Bacteria that cause pneumonia and meningitis are only able to spread when individuals are infected with flu, says a scientist reporting at the Society for General Microbiology's Spring Conference in Harrogate. The work could have implications for the management of influenza pandemics and could help reduce incidence of pneumococcal infections in very young children, who are more susceptible to disease.
Streptococcus pneumoniae normally lives harmlessly in the nasal passage. Up to 80% of young children carry the bacterium in their nose. It is already known that if a colonized individual is infected with influenza virus, the bacterium is more likely to spread to other parts of the body and may cause potentially life-threatening infections such as pneumonia, sepsis or meningitis. Young children, the elderly and the immunocompromised are most vulnerable to these secondary bacterial infections. S. pneumoniae kills more than one million children under the age of five each year.
Dr Dimitri Diavatopoulos from the Radboud University Nijmegen Medical Centre in The Netherlands explains how infection with the flu virus is also necessary for transmitting S. pneumoniae between individuals. His work has shown that in infant mice, all mice had to be infected with flu for pneumococcal bacteria to efficiently spread between them. Blocking influenza infection in these mice effectively prevented the spread of the bacterium.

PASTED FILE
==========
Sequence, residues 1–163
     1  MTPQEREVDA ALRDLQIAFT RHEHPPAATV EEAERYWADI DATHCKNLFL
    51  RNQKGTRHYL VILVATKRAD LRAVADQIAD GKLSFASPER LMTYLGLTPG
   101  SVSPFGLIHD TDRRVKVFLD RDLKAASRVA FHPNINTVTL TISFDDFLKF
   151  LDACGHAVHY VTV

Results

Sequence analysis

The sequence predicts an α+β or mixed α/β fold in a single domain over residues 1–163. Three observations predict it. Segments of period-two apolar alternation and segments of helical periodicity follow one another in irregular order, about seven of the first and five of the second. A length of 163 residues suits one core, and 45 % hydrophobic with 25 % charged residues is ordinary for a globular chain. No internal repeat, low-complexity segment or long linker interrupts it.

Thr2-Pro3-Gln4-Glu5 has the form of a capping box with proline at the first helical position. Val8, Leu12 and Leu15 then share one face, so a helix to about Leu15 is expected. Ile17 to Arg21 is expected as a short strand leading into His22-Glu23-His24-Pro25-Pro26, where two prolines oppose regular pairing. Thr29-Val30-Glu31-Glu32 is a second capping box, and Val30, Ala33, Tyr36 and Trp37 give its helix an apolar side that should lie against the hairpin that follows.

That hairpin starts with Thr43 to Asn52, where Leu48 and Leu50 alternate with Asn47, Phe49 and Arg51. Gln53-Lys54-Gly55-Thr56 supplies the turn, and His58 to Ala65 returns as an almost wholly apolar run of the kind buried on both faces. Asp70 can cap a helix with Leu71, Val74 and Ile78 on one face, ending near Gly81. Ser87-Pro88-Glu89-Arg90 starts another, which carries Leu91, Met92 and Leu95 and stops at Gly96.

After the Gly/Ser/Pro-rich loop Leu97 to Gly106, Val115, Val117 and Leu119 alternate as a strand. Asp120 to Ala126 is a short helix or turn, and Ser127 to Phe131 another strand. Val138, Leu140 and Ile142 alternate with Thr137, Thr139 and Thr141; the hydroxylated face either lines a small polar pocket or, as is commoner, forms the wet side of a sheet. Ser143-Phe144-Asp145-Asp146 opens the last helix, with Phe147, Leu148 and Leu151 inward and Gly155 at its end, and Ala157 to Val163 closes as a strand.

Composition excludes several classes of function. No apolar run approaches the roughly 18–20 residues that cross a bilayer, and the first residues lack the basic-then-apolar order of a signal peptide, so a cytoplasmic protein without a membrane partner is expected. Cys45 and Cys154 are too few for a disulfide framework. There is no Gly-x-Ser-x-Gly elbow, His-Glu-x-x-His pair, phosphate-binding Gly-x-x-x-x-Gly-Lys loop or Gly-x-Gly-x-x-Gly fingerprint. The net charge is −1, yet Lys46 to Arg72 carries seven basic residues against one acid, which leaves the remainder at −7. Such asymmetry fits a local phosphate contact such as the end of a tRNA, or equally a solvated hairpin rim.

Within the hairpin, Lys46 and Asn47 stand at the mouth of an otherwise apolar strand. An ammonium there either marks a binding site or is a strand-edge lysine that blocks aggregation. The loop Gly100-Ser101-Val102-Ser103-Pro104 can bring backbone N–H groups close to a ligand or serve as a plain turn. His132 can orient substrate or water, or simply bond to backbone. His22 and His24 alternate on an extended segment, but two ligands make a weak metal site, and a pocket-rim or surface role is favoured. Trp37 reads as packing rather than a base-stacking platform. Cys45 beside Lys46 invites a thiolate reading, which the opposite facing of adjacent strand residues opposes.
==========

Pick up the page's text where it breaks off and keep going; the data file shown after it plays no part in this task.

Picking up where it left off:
Viral infection is likely to encourage the spread of pneumonia through a combination of factors, suggested Dr Diavatopoulos. "We think that the flu virus increases the bacterial load in the nose of colonized individuals but also makes uncolonized individuals more susceptible to pneumococcal infection by altering host immunity."
Dr Diavatopoulos believes that learning how viral infections affect not only the development but also the spread of bacterial pathogens will be clinically beneficial. "If we know that the flu virus - and potentially other respiratory viruses allows the transmission of S. pneumoniae, then targeting these viruses may represent a novel therapeutic strategy to reduce pneumococcal diseases," he said. "During influenza pandemic planning, when a high proportion of the population is infected with the virus, this is important. The findings are particularly relevant to childcare centres as up to 80% of children are asymptomatic carriers of S. pneumonia and are more vulnerable to developing serious infections such as pneumonia or meningitis."
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